How to Avoid the Oncoming 'Caregiver Cliff'

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I watched my father-in-law take his last breath.

Since midsummer, my husband and I had been caring for his father, who was 83 and had lung cancer. A nurse working for the hospice company had warned us that we might not have much more time with him.
I had feared that a business trip would keep me from being there. I arrived home an hour and half before he passed away.

He waited for me. I believe that was his gift to me -- to be able to have closure. I'm so grateful that I was with him, along with my husband and the long-term care aide who gave so much of herself during the last year of his life.

You probably didn't know that November is National Caregivers Month. And you probably didn't know because there aren't any big celebrations to mark the occasion. No, the 65 million people who give their time and money to care for sick or disabled relatives, most of them elderly, do so in relative obscurity.

Following one of my more difficult moments caring for my father-in-law, a friend sent me a link to a public service announcement created by the Ad Council and AARP. You can find it on YouTube. Search for "Caregiving: Ad Council PSA -- Silent Scream." The 
32-second video captures caregivers silently screaming from the frustrations, paperwork and money issues that come with the job. I cried while watching it. Still the ad made me feel better knowing that I wasn't alone or wrong in wanting to let my emotions show.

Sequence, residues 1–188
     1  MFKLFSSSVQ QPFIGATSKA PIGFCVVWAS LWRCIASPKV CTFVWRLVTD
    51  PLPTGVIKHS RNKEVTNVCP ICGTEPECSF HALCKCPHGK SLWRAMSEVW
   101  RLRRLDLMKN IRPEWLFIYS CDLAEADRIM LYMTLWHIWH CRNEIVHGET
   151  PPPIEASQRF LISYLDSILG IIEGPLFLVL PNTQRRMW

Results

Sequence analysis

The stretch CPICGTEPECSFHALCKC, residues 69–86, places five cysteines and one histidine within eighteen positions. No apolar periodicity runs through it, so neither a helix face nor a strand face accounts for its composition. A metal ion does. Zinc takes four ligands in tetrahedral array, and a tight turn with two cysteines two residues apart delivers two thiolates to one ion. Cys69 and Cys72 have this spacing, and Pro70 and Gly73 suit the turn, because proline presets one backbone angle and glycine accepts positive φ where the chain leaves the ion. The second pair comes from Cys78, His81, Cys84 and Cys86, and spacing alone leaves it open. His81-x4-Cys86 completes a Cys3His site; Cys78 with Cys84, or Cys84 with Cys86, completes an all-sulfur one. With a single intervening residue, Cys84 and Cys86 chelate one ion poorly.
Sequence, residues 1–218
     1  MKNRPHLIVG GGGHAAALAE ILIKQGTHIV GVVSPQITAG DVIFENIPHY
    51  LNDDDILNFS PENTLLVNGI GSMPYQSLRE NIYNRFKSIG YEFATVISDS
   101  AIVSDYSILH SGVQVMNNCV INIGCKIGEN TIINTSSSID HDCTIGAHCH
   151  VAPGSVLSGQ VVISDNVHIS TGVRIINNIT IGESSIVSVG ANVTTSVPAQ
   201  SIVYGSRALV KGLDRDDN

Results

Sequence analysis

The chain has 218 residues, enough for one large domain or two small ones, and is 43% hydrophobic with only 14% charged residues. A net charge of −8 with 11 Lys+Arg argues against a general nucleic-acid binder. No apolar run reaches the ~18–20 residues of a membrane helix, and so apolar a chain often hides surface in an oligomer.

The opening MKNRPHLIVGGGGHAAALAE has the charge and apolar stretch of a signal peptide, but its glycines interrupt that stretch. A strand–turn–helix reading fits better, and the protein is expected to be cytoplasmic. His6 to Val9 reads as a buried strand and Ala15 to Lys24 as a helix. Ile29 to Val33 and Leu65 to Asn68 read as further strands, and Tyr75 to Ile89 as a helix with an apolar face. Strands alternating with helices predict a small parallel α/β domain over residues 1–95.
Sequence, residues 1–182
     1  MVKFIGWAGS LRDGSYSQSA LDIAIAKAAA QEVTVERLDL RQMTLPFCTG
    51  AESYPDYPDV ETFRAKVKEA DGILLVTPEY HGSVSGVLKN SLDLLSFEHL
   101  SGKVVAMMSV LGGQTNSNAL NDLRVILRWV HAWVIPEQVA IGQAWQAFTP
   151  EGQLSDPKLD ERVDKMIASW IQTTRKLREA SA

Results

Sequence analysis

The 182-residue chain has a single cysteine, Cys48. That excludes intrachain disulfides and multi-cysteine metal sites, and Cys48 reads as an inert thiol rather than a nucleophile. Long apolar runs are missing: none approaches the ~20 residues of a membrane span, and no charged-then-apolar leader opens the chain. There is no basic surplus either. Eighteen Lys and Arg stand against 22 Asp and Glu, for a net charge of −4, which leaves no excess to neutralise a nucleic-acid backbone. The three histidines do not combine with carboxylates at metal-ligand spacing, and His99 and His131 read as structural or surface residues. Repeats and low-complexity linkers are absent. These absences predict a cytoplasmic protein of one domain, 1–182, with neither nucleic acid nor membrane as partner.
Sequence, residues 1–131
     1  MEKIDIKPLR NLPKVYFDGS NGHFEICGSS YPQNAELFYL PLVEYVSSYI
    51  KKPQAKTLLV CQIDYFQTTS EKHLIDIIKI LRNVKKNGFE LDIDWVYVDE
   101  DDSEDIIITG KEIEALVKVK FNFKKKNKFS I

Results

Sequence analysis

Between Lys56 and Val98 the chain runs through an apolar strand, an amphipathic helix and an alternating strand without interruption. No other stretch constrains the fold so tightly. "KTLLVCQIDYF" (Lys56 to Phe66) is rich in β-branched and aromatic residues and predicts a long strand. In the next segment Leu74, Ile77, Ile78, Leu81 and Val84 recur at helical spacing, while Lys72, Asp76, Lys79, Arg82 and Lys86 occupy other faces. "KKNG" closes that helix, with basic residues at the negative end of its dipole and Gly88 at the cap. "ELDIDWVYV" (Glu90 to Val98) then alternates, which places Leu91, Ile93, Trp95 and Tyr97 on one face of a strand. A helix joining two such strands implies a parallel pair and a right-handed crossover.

"Family caregivers are really a natural treasure," said John Schall, chief executive of the National Family Caregivers Association.

The association began promoting the celebration of family caregivers in 1994. One of the pressing concerns facing our leaders is rising health-care costs, especially for sick, disabled and elderly citizens.

Immediately following the election, talk turned to the "fiscal cliff" -- expiring tax cuts and major across-the-board federal spending cuts -- facing the nation. But there's another looming crisis, the "caregiver cliff." Caregivers are taking time off from work, and thus risking their jobs, or tapping into their limited resources to provide care. They are stressed and often neglect their own health needs.

Consider these statistics collected from various studies by the National Family Caregivers Association:


Source: Washington Post 

Readers can write to Michelle Singletary at The Washington Post, 1150 15th St. NW, Washington, D.C. 20071, or singletarym@washpost.com. 
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